In accordance with the purpose of the invention, as embodied and broadly described herein, one aspect of the invention relates to an item handling system comprising a vacuum source, a transport element, and a drive element for driving the transport element to transport the item. As used herein, “items” include papers, documents, postcards, brochures, enclosures, booklets, magazines, and media items, including CDs, DVDs, computer disks, and/or other digital storage media.

The transport element may define a plurality of vacuum openings in fluid communication with the vacuum source to create a securing force on an item proximate to the transport element for holding the item in contact with the transport element. The transport element may further define a plurality of sensor openings arranged in two substantially parallel arrays along a longitudinal direction of the transport element.

The item handling system may further comprise a sensor associated with each array of sensor openings for sensing energy passing through the sensor openings to thereby sense the item on the transport element. Each sensor may be disposed at a common longitudinal position relative to the transport element. Sensing the item may correspond to a condition where the sensor associated with each array is blocked.

In another aspect, the invention relates to a method of handling an item, comprising placing a plurality of vacuum openings of a transport element in fluid communication with a vacuum source to create a securing force on an item proximate to the transport element for holding the item in contact with the transport element. The transport element may further define a plurality of sensor openings arranged in two substantially parallel arrays along a longitudinal direction of the transport element.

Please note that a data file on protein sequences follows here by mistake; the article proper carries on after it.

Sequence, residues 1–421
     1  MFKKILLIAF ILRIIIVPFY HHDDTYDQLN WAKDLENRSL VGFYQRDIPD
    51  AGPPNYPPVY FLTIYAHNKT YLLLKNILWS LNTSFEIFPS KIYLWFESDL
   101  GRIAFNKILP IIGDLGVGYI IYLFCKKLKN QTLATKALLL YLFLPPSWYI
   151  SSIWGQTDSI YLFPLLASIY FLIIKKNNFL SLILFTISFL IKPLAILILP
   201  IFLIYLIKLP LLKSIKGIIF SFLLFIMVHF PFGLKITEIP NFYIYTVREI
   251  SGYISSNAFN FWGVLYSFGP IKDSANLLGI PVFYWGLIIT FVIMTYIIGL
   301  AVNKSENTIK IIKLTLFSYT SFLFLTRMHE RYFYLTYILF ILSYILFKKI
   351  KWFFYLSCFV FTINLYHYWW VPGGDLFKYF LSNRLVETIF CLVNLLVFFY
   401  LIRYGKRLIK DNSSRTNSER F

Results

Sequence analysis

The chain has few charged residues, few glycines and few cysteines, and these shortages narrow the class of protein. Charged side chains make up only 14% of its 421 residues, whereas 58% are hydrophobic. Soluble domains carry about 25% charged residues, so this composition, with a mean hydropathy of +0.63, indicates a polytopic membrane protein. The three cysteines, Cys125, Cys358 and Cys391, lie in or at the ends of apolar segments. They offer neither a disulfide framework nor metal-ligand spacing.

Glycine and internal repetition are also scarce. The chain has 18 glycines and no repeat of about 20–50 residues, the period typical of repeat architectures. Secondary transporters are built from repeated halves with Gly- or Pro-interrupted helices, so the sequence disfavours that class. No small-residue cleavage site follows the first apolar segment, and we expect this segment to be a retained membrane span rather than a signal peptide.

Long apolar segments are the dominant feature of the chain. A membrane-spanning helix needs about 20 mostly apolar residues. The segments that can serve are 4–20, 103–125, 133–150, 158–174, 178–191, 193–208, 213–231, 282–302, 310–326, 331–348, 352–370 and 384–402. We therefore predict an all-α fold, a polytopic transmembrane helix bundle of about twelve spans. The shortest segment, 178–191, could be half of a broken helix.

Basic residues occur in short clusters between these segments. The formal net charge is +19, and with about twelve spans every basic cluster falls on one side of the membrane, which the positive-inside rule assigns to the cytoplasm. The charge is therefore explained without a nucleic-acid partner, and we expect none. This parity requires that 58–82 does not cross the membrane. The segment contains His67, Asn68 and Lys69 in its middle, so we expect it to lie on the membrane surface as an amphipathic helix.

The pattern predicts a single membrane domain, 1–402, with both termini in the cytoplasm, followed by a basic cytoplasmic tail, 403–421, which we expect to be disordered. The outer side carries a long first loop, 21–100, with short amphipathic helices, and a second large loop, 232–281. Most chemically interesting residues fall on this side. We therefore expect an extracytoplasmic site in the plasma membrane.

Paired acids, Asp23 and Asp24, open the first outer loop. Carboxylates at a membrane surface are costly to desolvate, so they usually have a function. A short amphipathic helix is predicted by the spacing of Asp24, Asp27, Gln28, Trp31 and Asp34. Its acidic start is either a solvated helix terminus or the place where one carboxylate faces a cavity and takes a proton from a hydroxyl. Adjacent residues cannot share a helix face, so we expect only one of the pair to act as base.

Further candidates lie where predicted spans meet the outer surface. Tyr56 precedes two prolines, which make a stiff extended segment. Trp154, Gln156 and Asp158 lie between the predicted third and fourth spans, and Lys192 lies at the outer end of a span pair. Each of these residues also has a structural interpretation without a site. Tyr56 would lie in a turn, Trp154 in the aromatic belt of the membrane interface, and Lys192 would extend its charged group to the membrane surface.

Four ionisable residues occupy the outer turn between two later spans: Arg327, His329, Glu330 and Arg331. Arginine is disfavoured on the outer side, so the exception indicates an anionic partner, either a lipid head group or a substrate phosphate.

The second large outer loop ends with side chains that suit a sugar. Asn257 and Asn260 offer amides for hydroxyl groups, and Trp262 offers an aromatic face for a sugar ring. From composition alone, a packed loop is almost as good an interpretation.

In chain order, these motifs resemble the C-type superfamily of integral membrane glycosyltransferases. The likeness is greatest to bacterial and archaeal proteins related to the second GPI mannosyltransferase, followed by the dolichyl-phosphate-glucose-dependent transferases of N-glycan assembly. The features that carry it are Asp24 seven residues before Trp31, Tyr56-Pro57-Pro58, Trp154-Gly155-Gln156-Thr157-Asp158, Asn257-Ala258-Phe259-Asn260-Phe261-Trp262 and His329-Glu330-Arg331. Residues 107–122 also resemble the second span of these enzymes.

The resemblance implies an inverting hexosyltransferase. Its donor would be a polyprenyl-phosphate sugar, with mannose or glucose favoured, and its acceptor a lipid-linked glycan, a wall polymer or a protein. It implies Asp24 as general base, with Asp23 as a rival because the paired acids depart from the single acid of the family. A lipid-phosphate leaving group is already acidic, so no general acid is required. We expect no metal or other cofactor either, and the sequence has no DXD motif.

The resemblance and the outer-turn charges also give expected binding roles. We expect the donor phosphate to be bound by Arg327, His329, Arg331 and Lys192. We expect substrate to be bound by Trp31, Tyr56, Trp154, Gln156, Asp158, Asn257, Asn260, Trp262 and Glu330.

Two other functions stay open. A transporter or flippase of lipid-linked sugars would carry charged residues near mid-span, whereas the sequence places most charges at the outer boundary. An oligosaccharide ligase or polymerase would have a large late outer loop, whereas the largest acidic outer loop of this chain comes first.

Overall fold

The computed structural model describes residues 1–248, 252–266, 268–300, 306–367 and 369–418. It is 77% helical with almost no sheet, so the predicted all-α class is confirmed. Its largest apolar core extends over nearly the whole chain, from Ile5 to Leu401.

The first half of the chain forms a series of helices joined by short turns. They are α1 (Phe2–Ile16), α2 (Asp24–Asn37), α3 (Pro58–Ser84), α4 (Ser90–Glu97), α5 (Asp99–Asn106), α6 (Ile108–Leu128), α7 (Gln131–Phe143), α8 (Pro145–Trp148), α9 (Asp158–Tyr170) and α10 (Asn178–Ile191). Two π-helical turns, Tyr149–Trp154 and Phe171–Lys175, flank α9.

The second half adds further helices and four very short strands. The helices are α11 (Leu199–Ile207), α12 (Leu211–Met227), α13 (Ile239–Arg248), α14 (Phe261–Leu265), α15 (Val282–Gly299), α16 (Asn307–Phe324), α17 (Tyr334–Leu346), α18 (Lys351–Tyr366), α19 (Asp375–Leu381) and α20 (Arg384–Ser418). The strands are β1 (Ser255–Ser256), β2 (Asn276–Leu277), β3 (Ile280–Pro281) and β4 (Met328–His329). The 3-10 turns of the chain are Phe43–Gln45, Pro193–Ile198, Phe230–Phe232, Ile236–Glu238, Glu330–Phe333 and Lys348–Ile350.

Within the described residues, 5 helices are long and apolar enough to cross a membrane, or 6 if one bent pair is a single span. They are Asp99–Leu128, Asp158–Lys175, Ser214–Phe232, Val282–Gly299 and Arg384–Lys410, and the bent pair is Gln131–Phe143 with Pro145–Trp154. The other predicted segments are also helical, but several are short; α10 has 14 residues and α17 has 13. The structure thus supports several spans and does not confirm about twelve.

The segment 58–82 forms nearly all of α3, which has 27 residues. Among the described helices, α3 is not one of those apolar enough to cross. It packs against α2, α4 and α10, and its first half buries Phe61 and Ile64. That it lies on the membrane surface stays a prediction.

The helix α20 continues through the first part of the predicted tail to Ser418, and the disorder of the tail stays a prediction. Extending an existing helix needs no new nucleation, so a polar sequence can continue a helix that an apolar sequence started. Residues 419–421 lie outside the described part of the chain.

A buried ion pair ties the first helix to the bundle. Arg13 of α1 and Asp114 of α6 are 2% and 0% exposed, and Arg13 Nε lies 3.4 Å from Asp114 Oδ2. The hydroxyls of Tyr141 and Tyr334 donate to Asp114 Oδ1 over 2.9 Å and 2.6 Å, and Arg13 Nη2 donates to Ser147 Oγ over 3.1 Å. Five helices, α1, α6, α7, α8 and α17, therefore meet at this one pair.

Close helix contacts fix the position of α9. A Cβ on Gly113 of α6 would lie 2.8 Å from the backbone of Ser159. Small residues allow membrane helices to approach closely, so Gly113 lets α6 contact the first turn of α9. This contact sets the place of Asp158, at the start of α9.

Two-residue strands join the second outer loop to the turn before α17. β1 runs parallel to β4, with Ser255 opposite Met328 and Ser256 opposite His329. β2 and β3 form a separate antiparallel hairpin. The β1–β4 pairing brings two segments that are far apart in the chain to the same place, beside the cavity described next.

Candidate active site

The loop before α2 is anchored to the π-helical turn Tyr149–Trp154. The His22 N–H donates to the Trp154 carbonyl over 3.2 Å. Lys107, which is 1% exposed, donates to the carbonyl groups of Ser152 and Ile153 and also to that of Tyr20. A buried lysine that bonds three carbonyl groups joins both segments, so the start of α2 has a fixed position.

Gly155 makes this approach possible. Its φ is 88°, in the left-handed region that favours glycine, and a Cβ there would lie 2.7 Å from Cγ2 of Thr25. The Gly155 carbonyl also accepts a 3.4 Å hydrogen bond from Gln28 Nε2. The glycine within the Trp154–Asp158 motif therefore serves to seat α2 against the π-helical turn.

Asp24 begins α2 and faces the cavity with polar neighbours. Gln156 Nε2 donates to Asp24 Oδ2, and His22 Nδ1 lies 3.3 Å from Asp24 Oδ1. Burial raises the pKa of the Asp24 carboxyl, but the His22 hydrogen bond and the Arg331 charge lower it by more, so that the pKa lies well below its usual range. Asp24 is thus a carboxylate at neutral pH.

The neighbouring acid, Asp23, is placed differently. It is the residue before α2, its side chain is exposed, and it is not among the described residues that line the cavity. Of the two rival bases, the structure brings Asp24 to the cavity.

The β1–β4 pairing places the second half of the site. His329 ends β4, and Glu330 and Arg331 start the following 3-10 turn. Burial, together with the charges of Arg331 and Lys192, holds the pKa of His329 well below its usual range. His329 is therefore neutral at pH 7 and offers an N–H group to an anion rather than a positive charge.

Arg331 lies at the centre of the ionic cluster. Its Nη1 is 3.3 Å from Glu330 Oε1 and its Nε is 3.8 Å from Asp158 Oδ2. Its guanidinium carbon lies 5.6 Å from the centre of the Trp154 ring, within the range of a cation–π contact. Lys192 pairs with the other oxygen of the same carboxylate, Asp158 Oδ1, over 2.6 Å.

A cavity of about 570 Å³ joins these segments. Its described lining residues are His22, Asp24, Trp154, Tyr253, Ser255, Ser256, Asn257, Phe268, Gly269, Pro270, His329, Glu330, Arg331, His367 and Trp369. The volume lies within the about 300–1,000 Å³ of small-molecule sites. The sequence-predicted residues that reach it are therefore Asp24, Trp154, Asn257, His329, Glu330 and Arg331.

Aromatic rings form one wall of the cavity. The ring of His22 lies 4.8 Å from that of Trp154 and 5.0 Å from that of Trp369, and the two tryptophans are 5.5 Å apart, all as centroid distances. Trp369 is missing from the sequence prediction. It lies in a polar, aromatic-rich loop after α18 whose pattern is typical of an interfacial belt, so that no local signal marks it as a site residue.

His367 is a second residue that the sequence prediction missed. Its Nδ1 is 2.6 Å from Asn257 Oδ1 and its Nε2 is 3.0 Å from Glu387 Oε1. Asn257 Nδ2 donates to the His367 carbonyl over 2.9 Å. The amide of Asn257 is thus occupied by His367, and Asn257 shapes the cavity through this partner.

The method may further comprise driving the transport element with a drive element to transport the item and sensing energy passing through the sensor openings using a sensor associated with each array to thereby sense the item on the transport element. Each sensor may be disposed at a common longitudinal position relative to the transport element. Sensing the item may correspond to a condition where the sensor associated with each array is blocked.

Aside from the structural and procedural arrangements set forth above, the invention could include a number of other arrangements, such as those explained hereinafter. It is to be understood that both the foregoing description and the following description are exemplary only.